- The Washington Times - Thursday, November 9, 2017

ASHBURN | Russell Wilson. Dak Prescott. Carson Wentz.

Lately, the Redskins have faced a murderer’s row of quarterbacks, each of them dubbed as the future of the position.

Respectfully, no one has ever said that about the Redskins’ next opposing QB — Minnesota Vikings quarterback Case Keenum.

But Keenum, surprisingly, has led the Vikings to the top of the NFC North after starter Sam Bradford went down with a knee injury following Week 1. Keenum has played in seven games this season, and the Vikings are 5-2 in that stretch.

Stylistically, Keenum is a much different passer than Wilson, Wentz or Prescott. But he’s shown he has the ability to be effective — a bit of a surprise, considering he ranked 27th in passer rating last season with the Los Angeles Rams.

The Vikings are also Keenum’s third team in six seasons.

“He finally got comfortable and found a system that works,” Redskins defensive lineman Ziggy Hood said. “It takes something like that to happen. I mean, look at me, for example. This is my fourth team, but I feel comfortable.”

Keenum has thrown for 1,610 yards, seven touchdowns and three interceptions this season. Keenum, 29, wasn’t expected to be the Vikings‘ starter — that was Bradford, who the Vikings traded a first and fourth-round pick for last year.

Bradford, though, started experiencing knee soreness after Minnesota’s dominant Week 1 victory against the New Orleans Saints. Bradford tried to return for Week 5 against the Chicago Bears, but was benched just before halftime because his knee was still bothering him. The Vikings placed Bradford on injured reserve Wednesday, shutting him down for the season. Keenum has helped keep the Vikings afloat.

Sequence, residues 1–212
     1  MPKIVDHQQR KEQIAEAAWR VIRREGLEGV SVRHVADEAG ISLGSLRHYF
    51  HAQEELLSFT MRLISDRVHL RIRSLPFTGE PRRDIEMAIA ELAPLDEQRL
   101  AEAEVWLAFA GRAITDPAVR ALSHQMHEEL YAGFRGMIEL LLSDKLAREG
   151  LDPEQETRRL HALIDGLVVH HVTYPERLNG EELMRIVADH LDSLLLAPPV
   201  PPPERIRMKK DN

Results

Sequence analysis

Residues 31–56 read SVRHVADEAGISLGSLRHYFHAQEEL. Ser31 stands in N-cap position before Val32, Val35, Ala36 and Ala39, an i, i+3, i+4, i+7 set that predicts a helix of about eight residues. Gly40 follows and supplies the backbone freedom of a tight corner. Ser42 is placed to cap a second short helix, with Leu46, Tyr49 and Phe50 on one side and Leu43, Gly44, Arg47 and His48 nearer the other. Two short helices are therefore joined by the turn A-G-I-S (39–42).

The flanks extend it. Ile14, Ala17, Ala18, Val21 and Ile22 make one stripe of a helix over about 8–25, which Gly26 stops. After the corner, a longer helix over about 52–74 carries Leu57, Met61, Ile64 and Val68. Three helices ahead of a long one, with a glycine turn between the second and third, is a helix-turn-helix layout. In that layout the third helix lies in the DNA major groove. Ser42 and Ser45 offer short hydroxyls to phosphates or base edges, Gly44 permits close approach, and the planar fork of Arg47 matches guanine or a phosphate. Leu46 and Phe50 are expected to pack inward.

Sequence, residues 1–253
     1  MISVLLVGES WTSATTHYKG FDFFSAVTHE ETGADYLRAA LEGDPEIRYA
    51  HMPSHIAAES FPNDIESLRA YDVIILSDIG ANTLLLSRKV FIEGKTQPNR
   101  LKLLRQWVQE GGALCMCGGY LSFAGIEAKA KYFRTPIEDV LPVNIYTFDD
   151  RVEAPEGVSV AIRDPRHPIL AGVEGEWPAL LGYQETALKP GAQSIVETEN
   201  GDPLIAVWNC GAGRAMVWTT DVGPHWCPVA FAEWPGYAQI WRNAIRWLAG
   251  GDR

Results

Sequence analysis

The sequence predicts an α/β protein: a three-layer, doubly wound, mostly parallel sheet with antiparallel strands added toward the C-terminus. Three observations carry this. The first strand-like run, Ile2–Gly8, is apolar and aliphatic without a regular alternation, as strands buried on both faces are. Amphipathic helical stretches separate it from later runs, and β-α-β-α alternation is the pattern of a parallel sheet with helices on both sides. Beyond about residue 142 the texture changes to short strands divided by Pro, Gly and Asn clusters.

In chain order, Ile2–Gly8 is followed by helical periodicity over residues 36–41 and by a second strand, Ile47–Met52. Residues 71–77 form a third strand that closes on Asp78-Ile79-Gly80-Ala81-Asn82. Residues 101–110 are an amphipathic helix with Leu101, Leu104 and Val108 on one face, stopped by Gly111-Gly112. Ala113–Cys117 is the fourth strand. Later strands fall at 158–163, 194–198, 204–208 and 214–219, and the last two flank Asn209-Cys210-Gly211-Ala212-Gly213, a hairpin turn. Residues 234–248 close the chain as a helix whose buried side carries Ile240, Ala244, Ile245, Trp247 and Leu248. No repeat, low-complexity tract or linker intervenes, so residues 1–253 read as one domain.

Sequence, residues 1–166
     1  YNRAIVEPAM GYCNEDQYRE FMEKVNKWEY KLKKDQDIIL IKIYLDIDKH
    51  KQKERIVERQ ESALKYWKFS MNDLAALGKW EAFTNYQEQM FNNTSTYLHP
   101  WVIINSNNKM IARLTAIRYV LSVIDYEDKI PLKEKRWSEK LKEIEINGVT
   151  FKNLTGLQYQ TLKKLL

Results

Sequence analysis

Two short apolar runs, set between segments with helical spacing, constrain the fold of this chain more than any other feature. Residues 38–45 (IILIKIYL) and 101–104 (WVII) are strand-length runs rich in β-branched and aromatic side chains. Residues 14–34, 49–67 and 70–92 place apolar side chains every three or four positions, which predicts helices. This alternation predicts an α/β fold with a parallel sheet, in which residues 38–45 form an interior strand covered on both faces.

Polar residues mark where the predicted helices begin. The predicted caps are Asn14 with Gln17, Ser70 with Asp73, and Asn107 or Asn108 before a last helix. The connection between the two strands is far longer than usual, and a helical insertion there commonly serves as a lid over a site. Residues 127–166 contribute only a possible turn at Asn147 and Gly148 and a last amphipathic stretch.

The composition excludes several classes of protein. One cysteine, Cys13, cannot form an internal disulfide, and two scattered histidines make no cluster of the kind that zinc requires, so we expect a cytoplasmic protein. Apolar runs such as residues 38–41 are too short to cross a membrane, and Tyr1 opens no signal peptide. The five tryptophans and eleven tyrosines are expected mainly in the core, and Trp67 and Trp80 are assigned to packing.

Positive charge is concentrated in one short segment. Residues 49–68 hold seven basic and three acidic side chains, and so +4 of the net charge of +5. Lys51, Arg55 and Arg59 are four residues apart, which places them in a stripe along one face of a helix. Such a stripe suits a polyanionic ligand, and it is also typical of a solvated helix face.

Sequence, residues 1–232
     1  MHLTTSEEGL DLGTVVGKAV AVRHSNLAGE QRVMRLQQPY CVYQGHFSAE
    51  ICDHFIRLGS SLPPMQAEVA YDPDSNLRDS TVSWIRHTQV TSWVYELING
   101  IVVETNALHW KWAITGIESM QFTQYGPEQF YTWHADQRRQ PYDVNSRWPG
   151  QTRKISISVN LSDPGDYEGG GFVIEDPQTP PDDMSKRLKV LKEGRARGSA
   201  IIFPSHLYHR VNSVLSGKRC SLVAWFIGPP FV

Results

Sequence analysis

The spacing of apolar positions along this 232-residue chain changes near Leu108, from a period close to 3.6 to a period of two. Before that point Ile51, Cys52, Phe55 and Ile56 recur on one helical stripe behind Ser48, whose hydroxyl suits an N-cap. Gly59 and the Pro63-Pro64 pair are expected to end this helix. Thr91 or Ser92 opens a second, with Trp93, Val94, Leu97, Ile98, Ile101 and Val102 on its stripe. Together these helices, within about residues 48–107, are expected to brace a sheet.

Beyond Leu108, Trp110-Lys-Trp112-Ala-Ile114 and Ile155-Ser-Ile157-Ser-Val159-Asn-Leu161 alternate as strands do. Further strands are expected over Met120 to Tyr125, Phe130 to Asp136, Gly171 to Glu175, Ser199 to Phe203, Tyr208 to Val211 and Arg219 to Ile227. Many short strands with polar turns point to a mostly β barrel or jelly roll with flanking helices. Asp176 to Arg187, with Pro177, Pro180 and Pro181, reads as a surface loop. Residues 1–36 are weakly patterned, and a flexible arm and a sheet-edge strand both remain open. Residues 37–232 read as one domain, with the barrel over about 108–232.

“I’ve only had him this year, but Case is a battler,” Vikings coach Mike Zimmer said. “He competes, he’s taking good care of the football, he’s made good decisions, got us in a lot of right plays. I think a lot of that should go not only to him, but to (offensive coordinator) Pat Shurmur as well.”

Zimmer said Keenum will start against the Redskins despite the Vikings‘ decision to activate former 2014 first-round pick Teddy Bridgewater to the roster. Bridgewater missed all of last season with a torn ACL.

Part of Keenum’s success tracks back to the fact the Vikings aren’t asking him to do a whole lot.

Minnesota has an excellent defense, a strong running game and weapons on the outside. They don’t need Keenum to be Tom Brady as long as he can manage the game.

The Vikings‘ offensive line, which ranked 10th last season in sacks allowed and seventh in QB hits, has improved dramatically. They added left tackle Riley Reiff in the offseason and have allowed just 10 sacks this year — tied for second-fewest in the NFL.

Redskins coach Jay Gruden said Minnesota hasn’t changed their offense, even with a backup taking snaps.

“Coach Shurmur does a good job with them offensively and puts them in good situations, gets the ball out of his hands quickly and they do have the ability to do some play-actions and take some shots,” Gruden said. “They’ve got a good mix on offense.”

One break for the Redskins: Keenum won’t be taking off in the way Wentz and Wilson did.

“That makes our job a little more easier,” cornerback Bashaud Breeland said.

Still, Keenum has done a solid job of finding his top two receivers, Adam Thielan and former Maryland standout Stefon Diggs.

“We have to do a great job of applying that pressure to force him to make bad throws and get him off his timing,” Hood said.

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